Every week, we have grown used to placing our full recycling boxes at the curb, along with our garbage, and we expect that recyclables and garbage, will be collected by the end of the day. That won’t change.
But the continuing mission to reduce waste and divert waste from local landfill sites, continues.

New legislation introduced in November 2016 will see more of a burden placed on manufacturers and producers to reduce packaging or pay more for the costs incurred by what their products add to the waste stream.
An example of this might be that bins to accept household hazardous waste might become the norm at hardware stores and garages.
Bins to accept recyclables (like paper) and bins to accept e-waste might be set up at the mega-stores which sell these products.
The solution to reducing waste will take time, says Robert Lefebvre, who is the Recycling Coordinator of the Joint Recycling Committee, which manages recycling and household hazardous waste collection for the Town of Hawkesbury, Champlain Township and the Township of East Hawkesbury.
The Joint Recycling Committee reports that the total tonnage for e-waste collected by Recycle Action between January and July 2017 is slightly lower from the previous year, and also indicated that the tonnage collected from the blue box program was also down three per cent in 2017 when compared to last year. But this doesn’t mean less was collected, says Lefebvre.
“Plastics and other items are getting lighter, so we may still have the same or more volume; it just weighs less,” he said.
Overall, 20 to 21 per cent of waste is diverted from landfill, when one takes into account recycling, bottle return, e-waste, household hazardous waste and other diversion systems, like tire returns.
But government targets, going forward, are lofty, says Lefebvre. What has to be determined is how to get there.
A few big issues will have to be addressed. One is: organic waste. That constitutes about 40 per cent of what we are throwing in the garbage and that, ultimately, makes its way to landfill sites, where it is creating gas emissions.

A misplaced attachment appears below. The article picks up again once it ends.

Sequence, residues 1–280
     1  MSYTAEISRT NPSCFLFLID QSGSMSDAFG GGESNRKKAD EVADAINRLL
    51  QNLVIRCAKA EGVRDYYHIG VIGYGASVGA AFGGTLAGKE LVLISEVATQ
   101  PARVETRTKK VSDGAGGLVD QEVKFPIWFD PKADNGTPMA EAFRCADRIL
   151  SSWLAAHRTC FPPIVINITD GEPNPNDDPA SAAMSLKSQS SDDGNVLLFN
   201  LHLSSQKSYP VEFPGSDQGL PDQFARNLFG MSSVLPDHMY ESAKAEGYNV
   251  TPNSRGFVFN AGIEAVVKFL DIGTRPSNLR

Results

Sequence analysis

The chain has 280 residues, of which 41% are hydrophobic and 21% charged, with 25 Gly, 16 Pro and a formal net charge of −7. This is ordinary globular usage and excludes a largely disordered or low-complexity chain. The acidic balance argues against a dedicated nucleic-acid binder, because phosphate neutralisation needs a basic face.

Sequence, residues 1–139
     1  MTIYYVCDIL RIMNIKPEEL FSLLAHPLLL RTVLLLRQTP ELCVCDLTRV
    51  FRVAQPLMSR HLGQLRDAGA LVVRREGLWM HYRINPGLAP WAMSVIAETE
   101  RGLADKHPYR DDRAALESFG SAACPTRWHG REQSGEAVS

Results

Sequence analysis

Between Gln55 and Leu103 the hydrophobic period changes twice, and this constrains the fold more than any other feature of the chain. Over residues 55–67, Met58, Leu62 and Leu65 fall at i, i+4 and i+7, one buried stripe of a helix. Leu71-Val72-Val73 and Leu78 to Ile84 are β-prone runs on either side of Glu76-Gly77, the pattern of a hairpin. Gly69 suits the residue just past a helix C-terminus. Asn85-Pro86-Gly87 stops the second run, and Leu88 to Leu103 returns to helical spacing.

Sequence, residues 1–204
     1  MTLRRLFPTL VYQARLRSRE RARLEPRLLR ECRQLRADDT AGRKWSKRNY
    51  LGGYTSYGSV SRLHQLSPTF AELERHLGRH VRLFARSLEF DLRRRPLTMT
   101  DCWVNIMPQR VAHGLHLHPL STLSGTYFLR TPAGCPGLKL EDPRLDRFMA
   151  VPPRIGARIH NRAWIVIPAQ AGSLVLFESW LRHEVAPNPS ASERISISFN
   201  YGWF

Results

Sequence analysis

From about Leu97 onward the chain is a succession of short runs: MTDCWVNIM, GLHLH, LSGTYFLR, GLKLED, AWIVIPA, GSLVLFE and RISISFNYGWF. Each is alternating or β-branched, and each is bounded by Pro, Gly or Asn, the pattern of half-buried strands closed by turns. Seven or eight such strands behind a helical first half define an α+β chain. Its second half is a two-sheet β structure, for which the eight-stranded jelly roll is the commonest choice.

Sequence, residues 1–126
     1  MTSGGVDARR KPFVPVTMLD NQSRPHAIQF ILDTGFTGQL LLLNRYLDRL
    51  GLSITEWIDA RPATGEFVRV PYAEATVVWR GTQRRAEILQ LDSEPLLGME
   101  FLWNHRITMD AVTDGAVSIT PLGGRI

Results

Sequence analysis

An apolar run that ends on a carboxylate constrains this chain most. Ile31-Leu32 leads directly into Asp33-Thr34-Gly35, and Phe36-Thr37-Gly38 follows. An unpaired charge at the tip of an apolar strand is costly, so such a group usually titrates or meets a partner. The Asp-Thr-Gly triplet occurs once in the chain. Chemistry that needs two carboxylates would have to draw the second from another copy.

Source recovery, or looking to big corporations to provide the means for the waste from their products to be diverted from municipal collection systems and ultimately, from landfill sites, is another challenge– a new system will take time to implement.
At the current rate of waste being dumped in landfills, 16 new landfill sites would be on Ontario’s horizon and that is something which is simply not realistic, says Lefebvre.

Common questions

How much garbage does the average person produce per year?
The per capita average is 800 kilos, or 1,760 pounds of garbage, which goes to landfill sites every year.

Why don’t household hazardous waste (HHW) days take place more than twice per year?
The cost of one HHW day is $45,000, Lefebvre says. Between 35 and 40 tonnes of HHW is collected. Provincial grant funds of about $30,000 offset the cost, but the balance is picked up by the Joint Recycling Committee, which ultimately apportions the cost to the three municipalities under its purview.
This year’s autumn HHW event takes place on Saturday, October 7 at the Hawkesbury Wastewater Treatment facility between 8:30 a.m. and 2 p.m. Students from École secondaire régionale de Hawkesbury will be on hand to assist and in exchange for their time, a $1,500 donation will be made to the school by DrainAll, the company hired to handle the HHW sorting and removal.
Two HHW collection days take place per year in Hawkesbury, serving about 11,500 households.

How many of us drop items off during HHW days?
In October 2016, only five per cent of Hawkesbury householders dropped off items at the October HHW event. Only 3.6 per cent of East Hawkesbury householders had items to dispose of but Champlain Township, with six per cent of its householders bringing household hazardous waste items for disposal, had the best participation rate.

Should I sort my recyclables before putting them in my blue box?
No need to sort your bottles and cans. All recyclables are sorted at the depot by Recycle Action, which uses staff from Groupe Convex for sorting recyclables. Groupe Convex is a not-for-profit group in Hawkesbury. A note containing in the Joint Recycling Committee minutes notes that Groupe Convexe anticipates annual increased labour costs from between $300,000 and $400,000 for all of its operations when minimum wage increases come into effect. In terms of its contract with the Joint Recycling Committee, Recycle Action indicated that its portion of these labour costs will be about $74,000 per year.

Should I wash my recyclables?
It isn’t necessary to wash your recyclable items, although it is nicer not to have food and leftovers in your recyclable containers.

Are businesses part of the local recycling program?
Not yet. Businesses are on their own when it comes to diverting waste from the landfill stream.

To see a complete list of what you can drop off at the HHW day on October 7, watch for large ads in upcoming editions of The Review. As part of the Ontario Community Newspaper Association Waste Stewardship program, newsprint volume used by The Review and other member newspapers is calculated province wide. A further calculation is done for our region and and in-kind free advertising is provided by The Review to the municipalities we serve to promote recycling, e-waste collection and household hazardous waste collection days.